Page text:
How will Poland honour its most noble son?

  • August 24, 2011

KRAKOW, Poland - The local Church here takes great pride in her saints and in the 20th century no city produced more important ones. Fr. Maximilian Kolbe studied here and died at Auschwitz, part of the archdiocese of Krakow. Sr. Faustina Kowalska’s convent was here, and the Divine Mercy devotion began here. The summer of 2011 has added Blessed John Paul II to the honour roll, and every single parish, shrine and souvenir stand is bedecked with images celebrating Krakow’s most noble son.

At the great Divine Mercy shrine here — the enormous basilica consecrated by Blessed John Paul himself in 2002 — the current archbishop of Krakow and John Paul’s lifetime secretary, Cardinal Stanislaw Dziwisz, is building an enormous spiritual, cultural and intellectual centre called the Pope John Paul II “Be Not Afraid” Centre. It is a massive undertaking and will serve as the largest monument to the Polish pope in his native land.

For a Canadian visitor to Krakow, it is impressive to see the love the city has for her former bishop. And it is clear that Cardinal Dziwisz understands his mission to be that of securing the legacy of the great man that he served in life, and continues to serve in death.

How ought the memory of Blessed John Paul II be best served, especially in his native Poland?

“There are 10,000 parishes in Poland,” one of my young Polish friends told me. “Should there be 10,000 John Paul monuments — statues, sculptures, shrines?”

This is not the question of a detractor — the young man works for an institute devoted to studying the late Holy Father’s work. It is not a question of setting the figure of Blessed John Paul aside, consigning him to history, but rather of imagining how the pastoral approach of the dominant figure of the 20th century can be applied in the 21st.

When Sir Christopher Wren, the great architect of the City of London, died, he was buried in his greatest work, St. Paul’s Cathedral. His son composed the epitaph for his grave: Si monumentum requiris circumspice (“if you seek his monument, look around you”). John Paul’s monument is a free Poland itself. His monument was on display last week in Madrid at World Youth Day. His monument is a Church more confident, engaged in the arduous task of the new evangelization.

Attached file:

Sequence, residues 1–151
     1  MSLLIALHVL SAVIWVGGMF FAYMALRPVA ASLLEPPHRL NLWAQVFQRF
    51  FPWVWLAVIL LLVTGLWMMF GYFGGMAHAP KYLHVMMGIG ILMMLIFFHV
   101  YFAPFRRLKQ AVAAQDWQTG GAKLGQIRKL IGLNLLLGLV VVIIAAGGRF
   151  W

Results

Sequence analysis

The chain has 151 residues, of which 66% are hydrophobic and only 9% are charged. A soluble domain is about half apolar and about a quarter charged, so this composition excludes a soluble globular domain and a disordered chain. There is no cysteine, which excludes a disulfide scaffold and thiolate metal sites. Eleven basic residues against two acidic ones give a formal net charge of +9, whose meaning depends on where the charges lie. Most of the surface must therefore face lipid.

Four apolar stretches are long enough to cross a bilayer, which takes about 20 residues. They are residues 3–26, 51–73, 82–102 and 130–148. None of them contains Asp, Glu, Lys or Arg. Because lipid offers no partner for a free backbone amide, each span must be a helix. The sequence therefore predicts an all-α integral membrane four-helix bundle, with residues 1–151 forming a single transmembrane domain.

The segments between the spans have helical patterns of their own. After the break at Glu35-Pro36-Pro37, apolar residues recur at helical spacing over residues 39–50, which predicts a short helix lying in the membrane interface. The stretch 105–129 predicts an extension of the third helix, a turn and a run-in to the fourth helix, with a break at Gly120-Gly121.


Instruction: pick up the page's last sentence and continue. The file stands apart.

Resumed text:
The challenge for Poles is how to bring that new evangelization to Poland, a free country now for more than 20 years. Compared to many other countries, Polish culture has not suffered the acids of secularism, driving religion to the margins of public life. Yet Poland is not immune from that, and the Church needs to prepare herself for a present and future that will not look like the past.

Deeply Catholic countries — Italy, Spain, Ireland, and in Canada, Quebec — develop over time a thick Catholic culture, replete with all the proper institutions of a healthy culture: parishes, fraternal associations, social welfare agencies, scouting and guiding clubs for youth, schools, universities, hospitals, popular newspapers and magazines, scholarly journals, theatre troupes, art galleries. All of this becomes a massive operation that requires no little skill and manpower simply to run. Consequently, the challenge for the Church becomes one of management, organization and maintenance. It is a small step from there to a bureaucratic Church which manages the culture, as opposed to an evangelical Church which forms it.

During the period of Nazi and Soviet occupation of Poland, the Church did not have the bureaucratic option. By necessity she was forced to be creative in culture formation, precisely because her proper institutions were impeded by the totalitarian state. Twenty years on, the bureaucratic/managerial temptation is a real one.

That’s why monument building is a delicate matter. If the monument simply preserves the past, it indicates a desire to maintain what already exists. If the monument seeks to shape the future, then it is animated by an evangelical spirit.

A few months before John Paul was beatified, our own Brother André was canonized. Few saints were ever so popular in their own time as was Brother André — the million people who filled the streets of Montreal for his funeral were evidence of that. And few have such a great monument as the Oratory on Mount Royal. But it points more to what used to be, rather than what is now.

If you seek a monument, what does one see? Monuments can be gravestones, marking the past, or guideposts, pointing to the future. Blessed John Paul is going to have his monuments in Poland, but what kind will they be?

(Fr. de Souza is the pastor of Sacred Heart of Mary parish on Wolfe Island and chaplain at Newman House at Queen’s University, Kingston, Ont.)


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